Why do I have so much inactive memory?

Discussion in 'Mac Pro' started by fridgeymonster3, Feb 11, 2008.

  1. fridgeymonster3 macrumors 6502


    Jan 28, 2008
    I'm running Handbrake to encode several ripped dvd's on my new 2.8 Mac 8-core. Handbrake has been going for about 30 minutes and activity monitor says that my memory usage is as follows (I have a total of 10 GB):

    Free: 2.63 GB
    Wired: 695 MB
    Active: 885 MB
    INACTIVE: 5.82 GB
    Used: 7.33 GB

    Why the hell do I have 5.82 inactive? What does that mean anyway "inactive"? If memory is inactive, but not free, where the heck is it?
  2. darthraige macrumors 68000


    Aug 8, 2007
    Coruscant, but Boston will do.
    I'm trying to figure out why I have 728mb Active! The computer isn't doing anything. lol

    Also, can you tell a difference with 10GB ram over 2GB?
  3. SolrFlare macrumors regular

    Feb 5, 2007
    Short answer:

    Inactive memory = free memory but with stuff in it ready for use again if needed.

    Long answer:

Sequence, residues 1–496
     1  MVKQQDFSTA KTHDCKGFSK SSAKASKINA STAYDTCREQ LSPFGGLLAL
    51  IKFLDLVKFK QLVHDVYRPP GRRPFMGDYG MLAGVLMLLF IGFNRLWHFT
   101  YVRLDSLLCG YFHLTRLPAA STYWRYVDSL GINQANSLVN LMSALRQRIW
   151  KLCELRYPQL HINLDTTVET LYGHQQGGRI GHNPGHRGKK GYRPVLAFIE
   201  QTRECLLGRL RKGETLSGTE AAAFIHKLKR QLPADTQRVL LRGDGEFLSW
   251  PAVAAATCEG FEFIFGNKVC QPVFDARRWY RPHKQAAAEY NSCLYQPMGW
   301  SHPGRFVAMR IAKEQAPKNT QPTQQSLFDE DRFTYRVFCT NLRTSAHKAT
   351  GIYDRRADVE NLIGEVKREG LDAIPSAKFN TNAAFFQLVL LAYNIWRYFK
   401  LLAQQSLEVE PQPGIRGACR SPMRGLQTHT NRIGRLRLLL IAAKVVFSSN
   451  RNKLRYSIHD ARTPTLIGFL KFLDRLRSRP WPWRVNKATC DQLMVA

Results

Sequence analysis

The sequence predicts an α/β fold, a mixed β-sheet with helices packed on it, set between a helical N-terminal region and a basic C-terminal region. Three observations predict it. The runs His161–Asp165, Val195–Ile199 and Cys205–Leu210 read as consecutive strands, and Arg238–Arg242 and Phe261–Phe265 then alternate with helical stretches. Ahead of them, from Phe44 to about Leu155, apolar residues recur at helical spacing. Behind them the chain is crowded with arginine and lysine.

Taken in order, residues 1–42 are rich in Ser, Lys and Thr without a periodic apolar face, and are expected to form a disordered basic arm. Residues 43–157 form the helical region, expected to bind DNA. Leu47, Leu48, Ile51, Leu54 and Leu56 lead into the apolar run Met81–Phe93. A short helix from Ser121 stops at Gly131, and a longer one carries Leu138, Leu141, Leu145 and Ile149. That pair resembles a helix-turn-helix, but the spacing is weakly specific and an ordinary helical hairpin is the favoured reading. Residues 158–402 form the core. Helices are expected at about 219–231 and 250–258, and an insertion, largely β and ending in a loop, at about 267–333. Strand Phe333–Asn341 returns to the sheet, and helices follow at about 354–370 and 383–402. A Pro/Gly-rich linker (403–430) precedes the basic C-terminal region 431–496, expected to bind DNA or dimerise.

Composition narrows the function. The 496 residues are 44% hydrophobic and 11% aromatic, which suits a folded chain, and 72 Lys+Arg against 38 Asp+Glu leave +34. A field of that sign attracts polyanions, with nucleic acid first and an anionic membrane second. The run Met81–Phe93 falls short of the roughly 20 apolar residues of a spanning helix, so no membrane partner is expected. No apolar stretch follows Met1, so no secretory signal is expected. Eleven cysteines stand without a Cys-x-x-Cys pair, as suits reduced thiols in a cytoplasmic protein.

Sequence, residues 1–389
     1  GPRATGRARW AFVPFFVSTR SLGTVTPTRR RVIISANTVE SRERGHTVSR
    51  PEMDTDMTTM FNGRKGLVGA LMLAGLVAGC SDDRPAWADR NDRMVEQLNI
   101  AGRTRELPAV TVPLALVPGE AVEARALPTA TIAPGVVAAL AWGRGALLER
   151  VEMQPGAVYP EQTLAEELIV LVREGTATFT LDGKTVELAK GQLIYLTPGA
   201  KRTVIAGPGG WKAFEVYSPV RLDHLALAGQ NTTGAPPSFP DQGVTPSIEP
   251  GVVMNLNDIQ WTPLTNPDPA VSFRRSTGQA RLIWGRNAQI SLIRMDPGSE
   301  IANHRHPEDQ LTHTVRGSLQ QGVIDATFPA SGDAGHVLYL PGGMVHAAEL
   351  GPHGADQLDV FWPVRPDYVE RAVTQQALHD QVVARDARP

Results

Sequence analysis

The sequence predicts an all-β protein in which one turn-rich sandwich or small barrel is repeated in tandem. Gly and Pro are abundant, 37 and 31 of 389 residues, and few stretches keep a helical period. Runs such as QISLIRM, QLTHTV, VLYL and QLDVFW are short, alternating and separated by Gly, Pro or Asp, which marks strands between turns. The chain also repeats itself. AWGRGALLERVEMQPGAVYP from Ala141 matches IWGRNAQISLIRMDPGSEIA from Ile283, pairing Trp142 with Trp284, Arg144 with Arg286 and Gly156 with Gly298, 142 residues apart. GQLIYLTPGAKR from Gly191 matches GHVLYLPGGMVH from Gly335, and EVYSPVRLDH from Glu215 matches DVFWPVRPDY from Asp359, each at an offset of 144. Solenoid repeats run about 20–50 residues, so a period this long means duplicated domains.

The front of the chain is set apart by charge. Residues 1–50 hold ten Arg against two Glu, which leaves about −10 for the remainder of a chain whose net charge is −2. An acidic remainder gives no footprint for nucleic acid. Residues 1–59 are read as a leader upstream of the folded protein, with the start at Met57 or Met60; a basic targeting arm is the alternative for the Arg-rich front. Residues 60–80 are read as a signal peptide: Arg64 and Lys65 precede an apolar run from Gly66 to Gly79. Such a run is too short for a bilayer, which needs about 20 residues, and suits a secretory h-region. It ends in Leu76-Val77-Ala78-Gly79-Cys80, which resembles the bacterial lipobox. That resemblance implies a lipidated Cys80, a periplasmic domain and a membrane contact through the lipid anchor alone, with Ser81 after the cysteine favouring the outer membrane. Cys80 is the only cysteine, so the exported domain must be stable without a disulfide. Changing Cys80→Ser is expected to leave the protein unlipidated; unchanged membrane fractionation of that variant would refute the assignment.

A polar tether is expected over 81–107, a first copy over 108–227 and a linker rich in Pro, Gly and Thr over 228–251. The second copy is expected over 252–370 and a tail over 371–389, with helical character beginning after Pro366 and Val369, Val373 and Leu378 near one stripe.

Inactive memory is a good thing and OS X is going to try and make as much inactive as possible over time.

    Inactive means its memory that was used for other applications but isn't being used any more. OS X holds on to the data in this memory until it absolutely has to let go of it so that way programs can access that data faster if they need it again without having to reload it in and out of memory on a regular basis.
  4. irishgrizzly macrumors 65816


    May 15, 2006
    Also Handbrake is reliant on your processor not RAM, right?
  5. Rowlander macrumors member

    Aug 25, 2007
    True. How much CPU-usage does it show you during encoding?
  6. fridgeymonster3 thread starter macrumors 6502


    Jan 28, 2008
    it shows between 60-80% processor usage per each core. When i wpke up this morning the inactive memory was 8.82 GB while the free memory was 10MB!! It doesnt matter much because i run encoding at night but it seems weurd a processing intensive app is making os x make ram inactive.
  7. Infrared macrumors 68000


    Mar 28, 2007
    Maybe Handbrake doesn't need masses of memory at any
    one time and simply reuses memory as it passes through
    the frames?

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